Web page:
Media Blackout Of The Hazara Sit-in: Are We Waiting For The Fire To Reach Our Doorstep?

Media Blackout Of the Hazara Sit-in 2018

The last few days have been marked with tormenting episodes recording atrocities on the human race in the form of Kunduz massacre, renewed Indian monstrosity in Kashmir and the persecution of a large number of Palestinians at the hands of the Israeli defense forces. While these tragedies were brushed under the carpet by the international media, the national news agencies made it a point to not only highlight the issues but also demand answers from the world. Just when my faith was about to be restored in this fourth pillar of the state, I was hit by a reality check – the media blackout of the Hazara sit-in.

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Entering into its 8th day, Hazara community has once again come out on the streets of Quetta in a peaceful demonstration to protest the target killings of their community members that continue to grip the existence and social activities of this ethnic group for more than a decade now. Although, this time the protest has returned to the city after a Hazara taxi driver was shot down and another injured in a hate crime, the violence faced by the targeted community is not a hidden fact. According to Pakistan National Commission for Human Rights’ report published last month, approximately 509 Hazara individuals were killed over the last 5 years in Quetta. Despite such staggering numbers, the Pakistani media largely remains apathetic towards the wronged community. But ask Hazaras! This is not the first time that their voices have been stifled by the news agencies.

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Pakistani Shiite Muslims demonstrate and sit between the coffins of bomb blast victims in Quetta on January 12, 2013. AFP PHOTO / Banaras KHAN
Pakistani Hazara sit between the coffins of bomb blast victims in Quetta on January 12, 2013. AFP PHOTO / Banaras KHAN

In 2013, flocks of Hazara men, women and children came out to mourn the lives lost when twin bomb attacks killed almost 130 young men of the community. They sat under the open sky with 84 dead bodies for days, braving sub-zero temperature and rough weather to demand justice. Even then our media found the detailed coverage of Tahir-ul-Qadri’s menu for dinner a more relevant and crucial piece of news than the thousands of bereaved Hazaras. The same story is being repeated again with Salman Khan’s arrest making waves on our televisions while a peaceful community of Pakistani society demanding protection of their lives and assets remains in shadows.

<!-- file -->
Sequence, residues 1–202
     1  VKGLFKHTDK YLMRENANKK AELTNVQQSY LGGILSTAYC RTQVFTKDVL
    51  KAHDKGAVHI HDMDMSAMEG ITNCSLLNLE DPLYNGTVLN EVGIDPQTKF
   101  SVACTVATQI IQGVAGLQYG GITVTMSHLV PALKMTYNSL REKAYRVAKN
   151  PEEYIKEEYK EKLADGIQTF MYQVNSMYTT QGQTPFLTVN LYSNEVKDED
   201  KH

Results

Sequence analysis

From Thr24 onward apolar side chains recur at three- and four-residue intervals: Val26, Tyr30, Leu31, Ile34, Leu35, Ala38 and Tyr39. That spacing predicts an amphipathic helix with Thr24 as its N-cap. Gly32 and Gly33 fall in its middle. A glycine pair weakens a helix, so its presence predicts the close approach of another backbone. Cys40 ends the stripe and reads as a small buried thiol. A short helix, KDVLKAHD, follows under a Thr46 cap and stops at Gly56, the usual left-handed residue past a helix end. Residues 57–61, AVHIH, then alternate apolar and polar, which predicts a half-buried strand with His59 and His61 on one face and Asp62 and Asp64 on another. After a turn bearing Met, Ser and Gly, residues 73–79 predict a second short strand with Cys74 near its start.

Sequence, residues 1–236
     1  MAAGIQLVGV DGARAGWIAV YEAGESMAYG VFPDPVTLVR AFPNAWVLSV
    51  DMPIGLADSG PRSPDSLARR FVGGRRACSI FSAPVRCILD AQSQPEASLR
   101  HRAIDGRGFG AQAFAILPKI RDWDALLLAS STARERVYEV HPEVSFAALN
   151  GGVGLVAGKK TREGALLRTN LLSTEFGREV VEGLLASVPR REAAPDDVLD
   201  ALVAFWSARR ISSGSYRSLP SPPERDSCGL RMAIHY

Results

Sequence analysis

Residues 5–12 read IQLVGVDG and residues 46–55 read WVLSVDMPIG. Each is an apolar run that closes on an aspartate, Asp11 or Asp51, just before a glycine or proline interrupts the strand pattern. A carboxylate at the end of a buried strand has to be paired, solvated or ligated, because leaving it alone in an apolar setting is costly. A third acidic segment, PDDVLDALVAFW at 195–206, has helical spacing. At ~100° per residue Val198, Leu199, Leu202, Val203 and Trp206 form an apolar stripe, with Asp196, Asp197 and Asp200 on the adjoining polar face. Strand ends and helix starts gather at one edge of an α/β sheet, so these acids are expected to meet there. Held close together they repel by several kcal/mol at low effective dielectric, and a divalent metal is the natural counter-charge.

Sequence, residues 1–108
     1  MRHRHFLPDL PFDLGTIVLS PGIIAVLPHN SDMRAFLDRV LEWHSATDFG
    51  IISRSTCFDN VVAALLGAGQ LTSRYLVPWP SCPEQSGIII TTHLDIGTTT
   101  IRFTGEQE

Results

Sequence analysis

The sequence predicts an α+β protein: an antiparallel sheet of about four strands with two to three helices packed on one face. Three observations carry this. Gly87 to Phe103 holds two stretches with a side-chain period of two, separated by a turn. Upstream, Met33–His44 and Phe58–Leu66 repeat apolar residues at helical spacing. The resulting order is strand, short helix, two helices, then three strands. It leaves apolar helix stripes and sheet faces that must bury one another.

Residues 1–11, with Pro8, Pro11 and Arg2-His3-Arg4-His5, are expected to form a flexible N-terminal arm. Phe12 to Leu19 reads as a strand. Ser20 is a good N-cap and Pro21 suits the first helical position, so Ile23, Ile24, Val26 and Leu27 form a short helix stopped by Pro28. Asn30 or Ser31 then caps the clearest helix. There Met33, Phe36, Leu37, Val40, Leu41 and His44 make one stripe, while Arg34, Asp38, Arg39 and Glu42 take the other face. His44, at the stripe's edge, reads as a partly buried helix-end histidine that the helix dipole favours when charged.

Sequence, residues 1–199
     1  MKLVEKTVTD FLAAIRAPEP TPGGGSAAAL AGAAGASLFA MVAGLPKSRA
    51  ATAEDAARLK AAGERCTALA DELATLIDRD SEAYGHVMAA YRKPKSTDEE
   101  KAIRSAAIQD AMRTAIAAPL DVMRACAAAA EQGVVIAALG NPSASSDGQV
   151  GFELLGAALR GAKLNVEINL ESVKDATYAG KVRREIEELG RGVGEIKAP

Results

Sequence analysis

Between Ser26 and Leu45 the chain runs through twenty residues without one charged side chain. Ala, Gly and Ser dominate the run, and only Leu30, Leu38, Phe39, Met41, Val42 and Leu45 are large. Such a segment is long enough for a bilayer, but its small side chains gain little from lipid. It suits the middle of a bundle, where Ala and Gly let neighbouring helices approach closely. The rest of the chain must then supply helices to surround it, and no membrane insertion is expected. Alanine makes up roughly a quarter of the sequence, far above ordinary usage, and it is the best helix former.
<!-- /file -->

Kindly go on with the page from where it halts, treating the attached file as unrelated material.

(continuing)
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These are the times which redefine the role of social media and give an alternative and more accessible outlet to raise concerns. Tweets by prominent civil activists like Jibran Nasir and Gulalai Ismail have brought the nation’s attention to where it should be.

That being said, media blackout of the Hazara sit-in is worth all the condemnation as the policy will only exacerbate the situation. When the institutions vested with the responsibility to bridge the gap between the government and its citizens turn into profit-making entities, manipulating their authority by furthering lucrative agendas only, they lose their integrity among common people. How difficult it is to understand that Hazaras, like any other group of Pakistani citizens deserve to be heard; that their lives are as worthy as yours and mines; that the constant fear they live in needs to be eliminated; that the persecution of their community is not an over-exaggerated fabrication but a reality and that we all have to stand for their rights because if not stopped now this fire of hatred, violence and schism will reach our doorstep eventually and when it does, no one would come to our help like we chose not to when others’ abodes were reduced to ashes.

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I can already hear some of the readers dismissing the whole argument under the pretext that the protests are just to defame Pakistan internationally and hence, the media blackout of the Hazara sit-in is justified to save the country’s reputation. But I guess we as a nation have selective amnesia as we constantly tend to disregard all those days in the past when we were left embarrassed in the world simply because concealing reality is more important to us than mending it! This national trait has only highlighted our hypocritical approach and weakened the case of Pakistan at international forums. For us to send out a positive image of Pakistan to the world, it is necessary that we address the sources of dissent rather than suppressing them. Otherwise we’ll always be accused of discriminatory condemnation and our voice as a state will go unheard on issues as important as the freedom of Kashmiris and the Palestinians.

Hazara sit in

Pakistan has come a long way since its inception and continues its journey towards a prosperous future with baby steps. But to ensure that we do not deviate from the path and that no one is left behind, we have to develop and implement policies that promote stability, inclusion, harmony and peace across the country more rigorously than ever before. Only then we stand the chance to rise to the occasion!

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